Lower cognitive function in patients with age-related macular degeneration: a meta-analysis
Authors Zhou L, Sun C, Wei L, Gu Z, Lv L, Dang Y
Received 10 December 2015
Accepted for publication 20 January 2016
Published 24 February 2016 Volume 2016:11 Pages 215—223
Checked for plagiarism Yes
Review by Single anonymous peer review
Peer reviewer comments 2
Editor who approved publication: Dr Richard Walker
Li-Xiao Zhou,1 Cheng-Lin Sun,1 Li-Juan Wei,1 Zhi-Min Gu,1 Liang Lv,1 Yalong Dang2
1Department of Ophthalmology, The Fifth Affiliated Hospital of Zhengzhou University, 2Department of Ophthalmology, The First Affiliated Hospital of Zhengzhou University, Zhengzhou, People’s Republic of China
Objective: To investigate the cognitive impairment in patients with age-related macular degeneration (AMD).
Methods: Relevant articles were identified through a search of the following electronic databases through October 2015, without language restriction: 1) PubMed; 2) the Cochrane Library; 3) EMBASE; 4) ScienceDirect. Meta-analysis was conducted using STATA 12.0 software. Standardized mean differences with corresponding 95% confidence intervals were calculated. All of the included studies met the following four criteria: 1) the study design was a case–control or randomized controlled trial (RCT) study; 2) the study investigated cognitive function in the patient with AMD; 3) the diagnoses of AMD must be provided; 4) there were sufficient scores data to extract for evaluating cognitive function between cases and controls. The Newcastle–Ottawa Scale criteria were used to assess the methodological quality of the studies.
Results: Of the initial 278 literatures, only six case–control and one RCT studies met all of the inclusion criteria. A total of 794 AMD patients and 1,227 controls were included in this study. Five studies were performed with mini-mental state examination (MMSE), two studies with animal fluency, two studies with trail making test (TMT)-A and -B, one study with Mini-Cog. Results of the meta-analysis revealed lower cognitive function test scores in patients with AMD, especially with MMSE and Mini-Cog test (P≤0.001 for all). The results also showed that differences in the TMT-A (except AMD [total] vs controls) and TMT-B test had no statistical significance (P>0.01). The Newcastle–Ottawa Scale score was ≥5 for all of the included studies. Based on the sensitivity analysis, no single study influenced the overall pooled estimates.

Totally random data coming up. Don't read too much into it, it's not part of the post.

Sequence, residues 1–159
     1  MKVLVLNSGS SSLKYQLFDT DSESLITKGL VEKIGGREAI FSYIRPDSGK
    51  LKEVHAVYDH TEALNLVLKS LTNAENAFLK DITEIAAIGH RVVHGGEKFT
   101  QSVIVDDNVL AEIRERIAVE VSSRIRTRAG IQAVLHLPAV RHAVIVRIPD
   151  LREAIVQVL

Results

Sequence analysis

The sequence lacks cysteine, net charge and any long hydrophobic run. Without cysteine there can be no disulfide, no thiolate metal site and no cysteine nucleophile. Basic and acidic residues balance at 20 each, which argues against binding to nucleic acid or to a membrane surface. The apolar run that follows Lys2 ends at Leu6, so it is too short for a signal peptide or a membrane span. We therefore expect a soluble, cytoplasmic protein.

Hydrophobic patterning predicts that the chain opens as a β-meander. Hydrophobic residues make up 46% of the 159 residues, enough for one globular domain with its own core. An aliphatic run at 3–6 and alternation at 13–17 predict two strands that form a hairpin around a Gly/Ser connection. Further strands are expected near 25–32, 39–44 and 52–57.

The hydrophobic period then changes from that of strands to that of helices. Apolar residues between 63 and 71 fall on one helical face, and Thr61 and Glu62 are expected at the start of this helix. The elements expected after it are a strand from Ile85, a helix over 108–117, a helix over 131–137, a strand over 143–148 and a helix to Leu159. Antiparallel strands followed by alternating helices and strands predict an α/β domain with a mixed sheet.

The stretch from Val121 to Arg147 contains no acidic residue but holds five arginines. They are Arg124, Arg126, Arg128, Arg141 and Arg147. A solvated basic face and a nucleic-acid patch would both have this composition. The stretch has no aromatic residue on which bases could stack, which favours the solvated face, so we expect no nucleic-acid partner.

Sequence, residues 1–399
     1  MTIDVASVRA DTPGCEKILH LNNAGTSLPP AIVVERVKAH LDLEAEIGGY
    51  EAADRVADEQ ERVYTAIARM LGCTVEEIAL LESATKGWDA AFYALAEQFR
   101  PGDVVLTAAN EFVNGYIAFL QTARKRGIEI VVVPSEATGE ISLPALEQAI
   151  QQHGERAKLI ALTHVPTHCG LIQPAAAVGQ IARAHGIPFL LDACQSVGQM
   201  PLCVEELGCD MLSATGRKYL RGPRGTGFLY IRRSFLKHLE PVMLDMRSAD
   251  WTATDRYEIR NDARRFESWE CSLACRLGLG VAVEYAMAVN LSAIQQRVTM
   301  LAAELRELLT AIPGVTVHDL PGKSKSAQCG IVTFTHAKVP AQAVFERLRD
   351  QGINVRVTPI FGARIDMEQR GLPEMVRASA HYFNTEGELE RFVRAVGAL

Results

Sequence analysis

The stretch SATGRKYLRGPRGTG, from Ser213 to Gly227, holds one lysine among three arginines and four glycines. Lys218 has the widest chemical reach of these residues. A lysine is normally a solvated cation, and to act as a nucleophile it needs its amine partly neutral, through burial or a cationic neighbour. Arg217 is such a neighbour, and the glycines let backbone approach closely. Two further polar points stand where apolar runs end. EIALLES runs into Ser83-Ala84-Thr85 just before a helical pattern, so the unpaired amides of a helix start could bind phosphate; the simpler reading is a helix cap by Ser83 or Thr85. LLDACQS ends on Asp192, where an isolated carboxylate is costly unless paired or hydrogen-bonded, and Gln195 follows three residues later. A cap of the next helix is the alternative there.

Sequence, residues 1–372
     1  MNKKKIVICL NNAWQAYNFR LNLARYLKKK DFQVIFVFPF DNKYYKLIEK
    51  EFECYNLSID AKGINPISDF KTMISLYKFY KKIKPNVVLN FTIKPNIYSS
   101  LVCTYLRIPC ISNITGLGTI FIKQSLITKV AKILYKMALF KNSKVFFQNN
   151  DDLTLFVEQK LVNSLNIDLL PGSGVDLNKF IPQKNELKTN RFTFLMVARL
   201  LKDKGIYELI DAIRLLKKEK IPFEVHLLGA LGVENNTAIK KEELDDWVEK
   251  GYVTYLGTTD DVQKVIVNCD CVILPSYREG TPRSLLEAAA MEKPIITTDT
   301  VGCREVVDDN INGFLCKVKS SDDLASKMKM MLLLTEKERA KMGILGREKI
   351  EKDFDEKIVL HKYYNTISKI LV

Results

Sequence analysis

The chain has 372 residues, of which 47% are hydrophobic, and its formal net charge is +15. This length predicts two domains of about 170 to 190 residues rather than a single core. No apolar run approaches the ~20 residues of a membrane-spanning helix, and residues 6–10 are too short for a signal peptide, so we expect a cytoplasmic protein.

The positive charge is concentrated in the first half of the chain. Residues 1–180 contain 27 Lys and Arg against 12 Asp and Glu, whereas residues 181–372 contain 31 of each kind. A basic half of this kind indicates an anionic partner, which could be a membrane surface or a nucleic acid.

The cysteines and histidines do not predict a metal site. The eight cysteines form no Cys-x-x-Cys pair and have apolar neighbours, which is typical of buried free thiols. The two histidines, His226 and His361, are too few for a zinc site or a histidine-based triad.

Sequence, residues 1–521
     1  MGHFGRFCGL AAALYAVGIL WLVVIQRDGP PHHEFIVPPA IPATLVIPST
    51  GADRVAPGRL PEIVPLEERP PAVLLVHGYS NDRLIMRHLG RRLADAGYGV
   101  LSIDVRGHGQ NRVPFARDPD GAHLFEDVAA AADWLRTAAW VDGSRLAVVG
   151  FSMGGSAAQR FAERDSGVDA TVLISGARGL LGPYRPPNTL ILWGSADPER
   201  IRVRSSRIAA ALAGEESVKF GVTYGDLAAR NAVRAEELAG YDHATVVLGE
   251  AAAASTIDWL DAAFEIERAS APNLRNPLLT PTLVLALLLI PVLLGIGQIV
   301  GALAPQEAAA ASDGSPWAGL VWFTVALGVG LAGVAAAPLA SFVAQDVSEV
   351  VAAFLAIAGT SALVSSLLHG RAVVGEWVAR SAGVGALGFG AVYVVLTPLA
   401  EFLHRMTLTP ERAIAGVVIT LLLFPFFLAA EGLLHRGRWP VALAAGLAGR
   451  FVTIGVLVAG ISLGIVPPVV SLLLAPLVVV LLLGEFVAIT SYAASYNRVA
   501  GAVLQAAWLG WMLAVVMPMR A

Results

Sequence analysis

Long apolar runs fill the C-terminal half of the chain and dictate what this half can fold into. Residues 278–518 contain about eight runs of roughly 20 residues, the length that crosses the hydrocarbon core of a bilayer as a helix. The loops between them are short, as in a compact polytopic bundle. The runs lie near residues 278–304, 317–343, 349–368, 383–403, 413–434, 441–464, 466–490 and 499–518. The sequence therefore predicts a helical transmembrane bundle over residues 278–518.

Conclusion: This meta-analysis suggests lower cognitive function test scores in patients with AMD, especially with MMSE and Mini-Cog test. The other cognitive impairment screening tests, such as animal fluency test and TMT, need more studies to assess.
Keywords: age-related macular degeneration; cognitive impairment; meta-analysis; mini mental state examination
As the aging population grows, an increasing number of people would be affected by age-related diseases, such as age-related macular degeneration (AMD) and Alzheimer’s disease. AMDs are increasingly affecting both the society and family. Although they are degenerative diseases of different tissues, as the retina is an integral part of the central nervous system, there may be an association between the two diseases. However, the pathogenesis and etiology of the two diseases are still not very clear.
Recently, several studies have shown amyloid β, the main constituent of senile amyloid plaques in the brains of Alzheimer’s disease patients, is also deposited in the drusen of eyes with AMD.1,2 Several factors, such as complement factor H3 and angiogenesis-related factors,4 that may reveal this link have been proposed. Not only the pathology, the epidemiology survey also found positive links between two age-related diseases. A cross-sectional study performed by Lindekleiv et al5 found that large drusen were associated with decreased performance in cognitive function test. The hypothesis of the correlation between the two diseases originated from molecular research in cognitive function tests.6